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I spent the whole film waiting for something to happen, for the thing to happen, and I never felt it came. Everything seemed too predictable, or if there was something shocking it wasn’t executed to the shock factor, instead I just found the truth when the main protagonist did; this was so slow, it wasn’t a big reveal, it was a slow recognition. Most of the secrets were actually visually played out with explanation, so again that didn’t help with any secrecy or mystery. I have to admit, there were a few ‘wow, it’s going to get good now!’ moments, but then I was slowly dropped back down again. It seemed like it had a long beginning, but at the same time, one not long enough to be fully explained, and then a long middle and end, an unsatisfactory end.

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It wasn’t all bad! I didn’t mind the characters, Blake Lively and Anna Kendrick are both great actresses and they played their parts well. Although I think we found out a bit too much of Blake Lively’s character, but the right amount of Anna Kendrick’s, even if I didn’t want to know… They were characters that felt quite real even if messed up in their own lives. Additionally, I loved the costumes, all clothing seemed perfect to all of the scenes, to add to their characters, to add to their personalities. And to add to the genre and potential suspicion. Along with this, was also the brilliance of the music, it again added to the scenes extremely well.

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As a whole, I think I just expected a lot more than what was actually there. With such a brilliantly open trailer there was so much for the mind to ponder over, but the imagination from the trailer almost ruined the film as it was lacking. The film also has a lot of swearing and some sexual scenes, so it’s definitely a film for older ages. Overall, I was let-down.

Goodbye Christopher Robin (2017)

This drama is a biography of the life of the writer of Winnie the Pooh, A. A. Milne. I don’t know about you, but a life story of the writer of Winnie the Pooh is definitely not a history I had stored in my general knowledge. So I went into this film having no knowledge of what was going to happen or how these figures would react, other than Alan Milne eventually writing the childhood spectacular of Winnie and his friends. What I didn’t expect was to be blubbing throughout the film, it was a beautifully heart-wrenching film.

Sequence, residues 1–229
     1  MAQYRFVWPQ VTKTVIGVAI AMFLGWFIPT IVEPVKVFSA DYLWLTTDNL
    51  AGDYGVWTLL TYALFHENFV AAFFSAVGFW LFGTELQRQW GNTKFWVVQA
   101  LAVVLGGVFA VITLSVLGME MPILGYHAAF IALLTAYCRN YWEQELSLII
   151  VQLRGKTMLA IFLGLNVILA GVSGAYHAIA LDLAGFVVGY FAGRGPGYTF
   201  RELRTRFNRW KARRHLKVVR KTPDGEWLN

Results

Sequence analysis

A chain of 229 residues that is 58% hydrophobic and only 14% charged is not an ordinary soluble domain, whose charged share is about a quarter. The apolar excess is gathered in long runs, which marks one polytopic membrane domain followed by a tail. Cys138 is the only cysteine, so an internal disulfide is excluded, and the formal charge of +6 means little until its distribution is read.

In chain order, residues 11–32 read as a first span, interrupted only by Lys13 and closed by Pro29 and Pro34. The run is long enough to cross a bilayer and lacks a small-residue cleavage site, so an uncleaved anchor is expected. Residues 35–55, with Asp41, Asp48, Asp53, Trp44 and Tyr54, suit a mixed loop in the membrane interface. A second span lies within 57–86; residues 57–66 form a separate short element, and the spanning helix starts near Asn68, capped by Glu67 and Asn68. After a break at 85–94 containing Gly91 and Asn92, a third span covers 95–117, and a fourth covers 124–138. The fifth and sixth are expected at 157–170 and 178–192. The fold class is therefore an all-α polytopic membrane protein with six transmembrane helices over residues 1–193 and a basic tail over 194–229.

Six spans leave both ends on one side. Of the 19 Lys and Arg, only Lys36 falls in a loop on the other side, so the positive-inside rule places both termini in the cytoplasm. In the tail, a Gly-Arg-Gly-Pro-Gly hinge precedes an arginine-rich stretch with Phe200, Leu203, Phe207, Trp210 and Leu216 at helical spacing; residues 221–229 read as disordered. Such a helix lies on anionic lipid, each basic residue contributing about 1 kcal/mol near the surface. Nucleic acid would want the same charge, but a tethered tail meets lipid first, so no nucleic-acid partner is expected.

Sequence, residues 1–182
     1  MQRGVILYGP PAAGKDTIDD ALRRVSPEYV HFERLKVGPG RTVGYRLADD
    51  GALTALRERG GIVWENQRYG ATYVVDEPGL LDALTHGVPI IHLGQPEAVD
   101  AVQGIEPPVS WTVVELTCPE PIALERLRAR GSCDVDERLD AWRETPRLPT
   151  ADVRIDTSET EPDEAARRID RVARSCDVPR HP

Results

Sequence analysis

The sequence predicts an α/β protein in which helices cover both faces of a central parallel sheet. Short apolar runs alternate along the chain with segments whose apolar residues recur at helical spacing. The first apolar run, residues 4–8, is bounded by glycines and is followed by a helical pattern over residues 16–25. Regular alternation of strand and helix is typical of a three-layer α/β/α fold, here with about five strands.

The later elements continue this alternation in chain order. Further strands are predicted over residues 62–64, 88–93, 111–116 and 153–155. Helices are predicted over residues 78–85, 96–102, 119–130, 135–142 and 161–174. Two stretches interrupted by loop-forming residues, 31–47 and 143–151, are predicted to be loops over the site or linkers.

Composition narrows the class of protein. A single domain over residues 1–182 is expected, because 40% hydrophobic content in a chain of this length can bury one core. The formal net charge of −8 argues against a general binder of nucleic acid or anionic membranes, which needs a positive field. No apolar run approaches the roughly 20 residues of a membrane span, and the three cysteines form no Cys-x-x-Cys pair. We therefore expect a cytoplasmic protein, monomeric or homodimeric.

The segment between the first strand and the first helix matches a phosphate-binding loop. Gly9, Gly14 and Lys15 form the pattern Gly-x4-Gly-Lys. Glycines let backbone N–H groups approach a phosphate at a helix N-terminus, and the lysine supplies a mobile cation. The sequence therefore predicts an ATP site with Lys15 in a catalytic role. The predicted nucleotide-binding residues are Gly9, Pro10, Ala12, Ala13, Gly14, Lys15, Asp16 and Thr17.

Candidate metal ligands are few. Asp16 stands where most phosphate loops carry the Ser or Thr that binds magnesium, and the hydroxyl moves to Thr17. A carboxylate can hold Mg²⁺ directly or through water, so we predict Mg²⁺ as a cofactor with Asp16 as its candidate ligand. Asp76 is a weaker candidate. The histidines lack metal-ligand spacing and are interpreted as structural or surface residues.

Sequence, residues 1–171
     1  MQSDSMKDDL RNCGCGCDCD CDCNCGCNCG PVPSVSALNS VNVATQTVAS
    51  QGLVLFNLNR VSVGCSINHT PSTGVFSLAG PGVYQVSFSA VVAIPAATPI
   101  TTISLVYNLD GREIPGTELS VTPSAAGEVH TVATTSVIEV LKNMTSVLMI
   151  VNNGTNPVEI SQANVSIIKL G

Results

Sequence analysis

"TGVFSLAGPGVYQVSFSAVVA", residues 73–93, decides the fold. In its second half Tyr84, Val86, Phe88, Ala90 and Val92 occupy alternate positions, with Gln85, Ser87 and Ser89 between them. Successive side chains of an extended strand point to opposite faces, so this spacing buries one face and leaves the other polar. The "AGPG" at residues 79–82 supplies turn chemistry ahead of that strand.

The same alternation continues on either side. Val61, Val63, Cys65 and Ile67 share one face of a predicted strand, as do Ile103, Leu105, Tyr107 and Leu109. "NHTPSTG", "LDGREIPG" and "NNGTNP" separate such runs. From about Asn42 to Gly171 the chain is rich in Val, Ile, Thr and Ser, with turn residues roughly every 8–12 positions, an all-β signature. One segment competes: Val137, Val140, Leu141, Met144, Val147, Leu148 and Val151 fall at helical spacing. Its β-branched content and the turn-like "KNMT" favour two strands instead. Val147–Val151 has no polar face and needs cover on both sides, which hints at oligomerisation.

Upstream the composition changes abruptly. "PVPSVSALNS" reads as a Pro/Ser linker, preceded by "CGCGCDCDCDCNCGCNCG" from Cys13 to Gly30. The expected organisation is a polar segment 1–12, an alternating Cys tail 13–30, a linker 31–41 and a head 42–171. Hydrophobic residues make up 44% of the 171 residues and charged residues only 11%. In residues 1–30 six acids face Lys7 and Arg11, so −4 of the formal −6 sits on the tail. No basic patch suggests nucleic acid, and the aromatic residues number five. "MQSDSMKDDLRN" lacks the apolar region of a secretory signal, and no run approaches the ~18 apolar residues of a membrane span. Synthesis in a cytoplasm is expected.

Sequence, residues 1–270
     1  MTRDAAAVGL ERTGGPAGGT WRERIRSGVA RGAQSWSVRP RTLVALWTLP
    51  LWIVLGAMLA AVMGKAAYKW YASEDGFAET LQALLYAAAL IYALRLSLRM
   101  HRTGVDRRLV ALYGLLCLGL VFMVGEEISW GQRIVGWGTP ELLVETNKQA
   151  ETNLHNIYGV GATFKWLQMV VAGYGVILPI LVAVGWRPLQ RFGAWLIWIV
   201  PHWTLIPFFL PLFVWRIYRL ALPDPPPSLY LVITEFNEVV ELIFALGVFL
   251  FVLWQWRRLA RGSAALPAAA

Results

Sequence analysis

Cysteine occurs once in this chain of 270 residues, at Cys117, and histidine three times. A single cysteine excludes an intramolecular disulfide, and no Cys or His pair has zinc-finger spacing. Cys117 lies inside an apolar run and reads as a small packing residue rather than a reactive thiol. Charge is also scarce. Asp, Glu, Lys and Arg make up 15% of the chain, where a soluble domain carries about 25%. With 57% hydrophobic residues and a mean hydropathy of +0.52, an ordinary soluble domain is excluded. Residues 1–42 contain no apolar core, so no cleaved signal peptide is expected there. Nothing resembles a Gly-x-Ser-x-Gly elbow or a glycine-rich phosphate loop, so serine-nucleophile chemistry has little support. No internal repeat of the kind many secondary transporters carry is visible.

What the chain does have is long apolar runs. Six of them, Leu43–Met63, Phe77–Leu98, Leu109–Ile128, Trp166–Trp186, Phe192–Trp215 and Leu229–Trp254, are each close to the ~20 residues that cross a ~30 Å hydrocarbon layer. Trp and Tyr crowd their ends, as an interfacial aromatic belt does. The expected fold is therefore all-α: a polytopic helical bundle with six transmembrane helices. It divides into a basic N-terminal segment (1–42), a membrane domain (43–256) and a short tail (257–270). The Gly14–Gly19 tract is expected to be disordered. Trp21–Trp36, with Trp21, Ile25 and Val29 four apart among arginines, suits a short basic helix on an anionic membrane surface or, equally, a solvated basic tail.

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The true story is inspired by one family, the Milne’s. The father, Alan Milne (Domhnall Gleeson), is nicknamed Blue, this is what he is mostly referred to as. Once a soldier in the First World War, Alan struggles with war-related flashbacks in uncontrollable states of bright lights, loud noises and sudden movements, you watch as this man struggles with his own hearing and sight but tries to hide himself in writing books. In constant fear of war, he retreats him and his family to the countryside to move away from the loud noises that haunt him so much. Soon he feels his books and plays are not making the difference he wants to make, he wants to stop all wars, to find any possibility to end another war, especially when he has a son. Daphne Milne (Margot Robbie), the wife and mother, is a complicated character. Her harsh ways but loving appearances are confusing to understand her charisma, but deep down she’s a character in agony of bearing a son when she believes there to be another war he will have to partake in. Both of these characters are riddled with reality confusions and are lost in their own despairs, that when the young boy grows up he never has much connection with either parent having been brought up by his Nanny (Kelly Macdonald).

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This little boy of course is Christopher Robin, but from a young age he was called Billy Moon by his family. He has so much love for his Nanny Nou as she was always more of a parent than his actual parents. But when she has to leave for personal reasons and the mother is also away, father and son are forced to spend time together like they’ve never before. This is when the exploration of the woods comes to life as young boy and father play and pretend of wild animals and bears. The creation of Winnie the Pooh is beautifully done as Billy Moon plays in the woods with his beloved teddy bear and illustrator draws the simplicity of Christopher Robin and his best friend. The contrasts and edits of the film create a truth in the children’s books coming to life as they did when first wrote.

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As the success of Christopher Robin and Winnie the Pooh grows the harder is becomes for poor Billy Moon to cling onto his own childhood and his story. The film progresses through the life of the family as a lot of things change. Emotional and heart-felt, this drama cleverly plays on the audience’s emotions as anything could happen, but as a constant reminder this is the true story. The actors and actresses are brilliant as their real-life characters come into play in reality on film, every word is hung to as what was said. As the film passes through life, the movement of time has to be done well, which of course it is, the characters look older perfectly. You really do fall into this British beautiful drama of the Milne’s struggles and realities of creating a phenomenal children’s story.

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‘Goodbye Christopher Robin’ was a true eye-opener to the effects of a successful book has on one family, even though they were the ones successful. The young boy could never have his story to himself ever again, it was always to be shared with the rest of the world. But on the other hand, Winnie the Pooh created a happiness in childhoods all around the world and is still remembered today, cherished in children’s memories of the wonders of a bear in the woods and all of his friends’ beloved.